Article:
A Plethora of Inside Information Is Available from China on EB-5 Scams

By David North on June 28, 2016

What are the primarily Chinese investors in the EB-5 program being told about the promoters' offers in Mandarin? EB-5 is the government's immigrant investor program that provides sets of green cards to families who make half-million-dollar investments in government-approved, but not guaranteed, business ventures.

To what extent are these investors misinformed, sometimes criminally, and to what extent is DHS paying attention to this aspect of the program? (We know that the EB-5 unit has one or more Mandarin speakers in it, but is that enough?)

Casting some light on the first part of the question is a large, interesting, but uneven flow of information, charges, and tips from a small group of program observers. They appear to be watching the Chinese websites, attending the EB-5 shows in China, and critiquing some of the promoters' written and spoken proposals — and sending their comments and relevant documents to my modest little computer in the DC suburbs. Some seem to have access to material that DHS will not release. All my contacts (usually nameless) seem to be bilingual and well informed about the program.

Some are seeking whistleblower rewards, a long shot at best; others have policy differences with the program; and some of them seem to be seeking revenge.

And if I see several dozen documents every week or so, the Department of Homeland Security, which runs the program, and the Securities and Exchange Commission, which pays attention to financial fraud, must see 10 times as many.

The quality of the material varies — it is like one of those massive dumps next to an abandoned gold mine, much dross, but every so often there is a real nugget. At least one of the informants seems to be able to gobble up and spew out masses of material. The obviously good tips I pass along to appropriate officials, but many are hard to evaluate.

Since I do not have the resources to check the charges, including a total lack of the language, the best I can do via this posting is to pass along — with no names attached of either informants or those informed upon — a sampling of information, some of which is potentially highly useful to the government, if it is paying attention.

My worry, of course, is that if DHS can be fooled for years in precincts where English is spoken — such as in South Dakota and Vermont, as it was to the tune of scores of millions in each state — how well will they cope when the data comes in another language?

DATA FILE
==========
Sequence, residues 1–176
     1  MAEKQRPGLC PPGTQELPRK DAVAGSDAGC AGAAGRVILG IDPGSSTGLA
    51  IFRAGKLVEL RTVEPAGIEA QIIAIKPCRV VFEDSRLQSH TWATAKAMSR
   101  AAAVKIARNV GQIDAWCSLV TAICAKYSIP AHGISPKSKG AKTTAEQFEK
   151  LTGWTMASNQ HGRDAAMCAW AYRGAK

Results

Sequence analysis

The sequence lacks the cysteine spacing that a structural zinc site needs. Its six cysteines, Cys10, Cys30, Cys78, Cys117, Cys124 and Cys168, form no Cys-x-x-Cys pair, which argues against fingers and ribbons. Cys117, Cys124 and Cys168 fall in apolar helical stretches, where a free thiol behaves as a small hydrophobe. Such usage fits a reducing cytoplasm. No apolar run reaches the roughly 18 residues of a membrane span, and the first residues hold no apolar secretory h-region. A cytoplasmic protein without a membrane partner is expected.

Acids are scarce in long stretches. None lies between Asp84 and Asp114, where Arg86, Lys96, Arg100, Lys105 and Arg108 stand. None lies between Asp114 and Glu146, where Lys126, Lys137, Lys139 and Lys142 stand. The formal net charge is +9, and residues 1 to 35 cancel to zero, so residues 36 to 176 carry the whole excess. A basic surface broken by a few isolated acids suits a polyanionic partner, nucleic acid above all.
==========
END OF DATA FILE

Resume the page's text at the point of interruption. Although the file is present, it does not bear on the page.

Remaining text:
Here are some samples drawn at random from the collection:

  • Chinese investors are being told by, among others, a mayor of a named American city, that an EB-5 project (a hotel) is under construction in his city, when it is not.

  • Potential investors are told flatly that the $500,000 price of admission in EB-5 will go up to $800,000 soon and they must invest now to get the lower price. (Congress may or may not make such a move.)

  • I was informed that, unknown to the Chinese, there is a specific director of a specific EB-5 regional center, who twice was suspended from the practice of law by state bar associations. For this and other reasons, I am told, this center should be avoided.

  • A regional center's booth at one of the numerous EB-5 conferences in China was said to be badly designed and largely empty of content.

  • There is a detailed description of an elaborate technique for getting around China's capital controls, including the name of the big international bank offering these dubious services. (That would be a clear violation of Chinese law.)

  • There is another detailed description of how one agent will convert an investment of $100,000 to appear like one of $500,000 so that the alien gets his set of green cards at a remarkable discount. (That would be a clear violation of U.S. law.)

  • Many named agents, often in China, who are supposed to be registered with the Securities and Exchange Commission are not so registered.

  • Many cited EB-5 pitches in Mandarin that make promises about the program that cannot be made, such as that the investments are guaranteed to be repaid. (All EB-5 investments are supposed to be in equity, and thus at risk.)

  • Sometimes I get a mass of attachments with a cover note saying that I should look into these matters, with all them in Mandarin.

  • In a previous blog post, I told the story of a recorded phone conversation that was sent to me — in English — that showed a strange combination of parental love and parental deviousness. The person asking the questions appeared to be a wealthy Chinese with a good job in a state corporation who wanted to buy an EB-5 visa for the family's nine-year-old kid, but did not want the parents' names on the application because that might endanger the plum job in China. (Sorry, parents, one needs to be at least 18 to file for EB-5, and one should have a believable account of the source of the money.)

This flow of EB-5 information tells me several things:

First, there is an enormous amount of misinformation and misbehavior in this program in China, much of it contrary to U.S. laws.

Second, the official channels for the receipt of this information apparently are not responding to it in an appropriate way, hence my receipt of it.

Third, the language variable — the vast majority of EB-5 investors do not speak English as their birth language — just makes an already complicated and vulnerable program that much more so.